Released on the 1972 LP Waka/Jawaka where it occupied all of side one, "Big Swifty" is one of the jazziest tunes Frank Zappa ever wrote. The piece follows a basic structure of head-solos-head with some variations added between solos. Zappa released four recordings of it. They range from two minutes 16 seconds to 17 minutes 24 seconds -- very flexible, one could say. Except for the very short head-only take found on You Can't Do That on Stage Anymore, Vol. 2 (which serves as a conclusion to a demented rendition of "Montana"), most of the duration of the piece is occupied by solos. On the 1972 studio recording, electric pianist George Duke and trumpeter Sal Marquez both deliver some of their best performances, the latter being overdubbed many times.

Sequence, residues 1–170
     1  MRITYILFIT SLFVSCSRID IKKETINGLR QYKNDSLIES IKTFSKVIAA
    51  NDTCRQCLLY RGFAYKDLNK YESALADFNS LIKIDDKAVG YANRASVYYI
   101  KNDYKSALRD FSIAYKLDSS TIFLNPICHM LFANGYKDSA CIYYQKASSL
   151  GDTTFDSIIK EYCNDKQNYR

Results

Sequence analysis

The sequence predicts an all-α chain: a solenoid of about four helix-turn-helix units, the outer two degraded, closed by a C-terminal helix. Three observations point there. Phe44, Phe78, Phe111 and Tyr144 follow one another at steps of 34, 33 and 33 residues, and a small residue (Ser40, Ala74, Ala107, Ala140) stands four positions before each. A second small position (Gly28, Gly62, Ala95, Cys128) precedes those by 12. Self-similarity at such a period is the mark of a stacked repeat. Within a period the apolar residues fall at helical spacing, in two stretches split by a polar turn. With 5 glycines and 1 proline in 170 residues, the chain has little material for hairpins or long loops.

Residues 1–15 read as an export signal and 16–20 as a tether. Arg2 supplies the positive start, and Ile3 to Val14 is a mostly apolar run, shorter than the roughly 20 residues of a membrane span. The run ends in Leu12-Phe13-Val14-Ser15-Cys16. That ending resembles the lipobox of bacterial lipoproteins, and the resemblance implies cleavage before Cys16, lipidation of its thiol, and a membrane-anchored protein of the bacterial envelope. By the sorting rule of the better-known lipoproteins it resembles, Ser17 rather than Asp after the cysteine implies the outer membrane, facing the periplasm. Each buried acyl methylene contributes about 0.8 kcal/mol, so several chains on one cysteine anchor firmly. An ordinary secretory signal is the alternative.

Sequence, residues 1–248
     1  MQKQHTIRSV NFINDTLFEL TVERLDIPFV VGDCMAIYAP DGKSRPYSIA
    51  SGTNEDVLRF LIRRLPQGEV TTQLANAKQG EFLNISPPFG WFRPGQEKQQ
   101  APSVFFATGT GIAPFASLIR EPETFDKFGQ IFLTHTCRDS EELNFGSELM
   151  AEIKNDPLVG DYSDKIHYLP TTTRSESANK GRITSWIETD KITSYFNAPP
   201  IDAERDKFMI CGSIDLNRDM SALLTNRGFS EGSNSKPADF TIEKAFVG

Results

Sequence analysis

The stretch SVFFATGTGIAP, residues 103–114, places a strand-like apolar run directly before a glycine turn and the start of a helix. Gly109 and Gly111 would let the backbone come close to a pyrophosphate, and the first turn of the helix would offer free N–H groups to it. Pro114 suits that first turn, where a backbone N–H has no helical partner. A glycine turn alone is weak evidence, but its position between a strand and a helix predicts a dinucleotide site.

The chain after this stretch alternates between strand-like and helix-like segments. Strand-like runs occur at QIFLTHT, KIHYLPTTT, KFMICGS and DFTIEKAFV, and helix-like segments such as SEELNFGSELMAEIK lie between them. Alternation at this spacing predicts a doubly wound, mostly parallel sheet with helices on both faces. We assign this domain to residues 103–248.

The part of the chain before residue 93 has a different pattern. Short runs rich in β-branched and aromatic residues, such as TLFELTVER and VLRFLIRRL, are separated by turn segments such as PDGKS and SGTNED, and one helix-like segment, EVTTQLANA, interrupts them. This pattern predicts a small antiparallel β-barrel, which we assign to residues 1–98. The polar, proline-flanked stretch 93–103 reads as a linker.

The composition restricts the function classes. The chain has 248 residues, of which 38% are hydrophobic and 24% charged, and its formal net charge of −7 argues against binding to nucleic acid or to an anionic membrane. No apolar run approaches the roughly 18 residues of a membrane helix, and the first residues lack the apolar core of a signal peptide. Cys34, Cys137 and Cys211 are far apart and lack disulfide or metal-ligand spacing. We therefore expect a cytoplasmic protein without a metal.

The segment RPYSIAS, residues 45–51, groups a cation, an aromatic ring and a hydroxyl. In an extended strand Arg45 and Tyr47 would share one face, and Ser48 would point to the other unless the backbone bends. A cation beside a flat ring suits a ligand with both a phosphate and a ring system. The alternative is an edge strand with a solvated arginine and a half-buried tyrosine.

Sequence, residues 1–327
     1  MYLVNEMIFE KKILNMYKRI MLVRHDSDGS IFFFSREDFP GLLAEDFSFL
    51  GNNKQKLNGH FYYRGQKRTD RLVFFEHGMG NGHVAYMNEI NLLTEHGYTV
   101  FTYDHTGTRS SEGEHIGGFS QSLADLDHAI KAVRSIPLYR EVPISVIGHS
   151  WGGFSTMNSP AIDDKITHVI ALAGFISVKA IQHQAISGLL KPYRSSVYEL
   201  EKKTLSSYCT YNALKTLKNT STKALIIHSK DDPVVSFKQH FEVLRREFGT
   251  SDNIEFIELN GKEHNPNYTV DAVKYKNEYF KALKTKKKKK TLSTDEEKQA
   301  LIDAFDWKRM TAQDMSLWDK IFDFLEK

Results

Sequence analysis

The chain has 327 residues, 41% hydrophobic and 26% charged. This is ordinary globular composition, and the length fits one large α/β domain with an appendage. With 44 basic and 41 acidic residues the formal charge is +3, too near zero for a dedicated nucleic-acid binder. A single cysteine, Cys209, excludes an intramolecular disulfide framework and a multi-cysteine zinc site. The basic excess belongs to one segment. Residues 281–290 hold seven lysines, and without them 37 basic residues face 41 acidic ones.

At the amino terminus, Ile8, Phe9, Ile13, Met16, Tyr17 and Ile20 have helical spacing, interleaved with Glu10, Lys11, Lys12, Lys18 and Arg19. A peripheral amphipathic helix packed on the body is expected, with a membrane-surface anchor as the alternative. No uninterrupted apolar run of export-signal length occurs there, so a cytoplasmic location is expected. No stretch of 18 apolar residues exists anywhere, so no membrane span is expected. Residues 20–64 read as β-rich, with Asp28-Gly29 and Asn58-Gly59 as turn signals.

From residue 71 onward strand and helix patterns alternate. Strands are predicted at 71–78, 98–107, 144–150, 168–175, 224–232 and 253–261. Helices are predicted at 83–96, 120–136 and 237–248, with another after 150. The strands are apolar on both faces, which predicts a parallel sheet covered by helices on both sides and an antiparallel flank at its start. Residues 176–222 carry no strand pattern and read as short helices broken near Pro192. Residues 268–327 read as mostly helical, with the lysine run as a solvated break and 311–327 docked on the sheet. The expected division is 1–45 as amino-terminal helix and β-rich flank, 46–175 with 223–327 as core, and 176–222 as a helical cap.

While the solos occur over a rather simple jazz vamp that could change from night to night depending on Zappa's feelings, the head is a highly complex and tightly written melody. It includes figures in 3:2 (three against two) and even some 7:2. Maybe that is why it was only performed from 1972 to 1974, mostly by the highly skilled 1973 band, which comprised Napoleon Murphy Brock, George Duke, Tom Fowler, Ruth Underwood, and Chester Thompson (both You Can't Do That on Stage Anymore recordings -- on volumes one and two -- are from that band). Zappa unearthed "Big Swifty" for the 1988 tour, turning it into some kind of circus number, as can be witnessed on Make a Jazz Noise Here.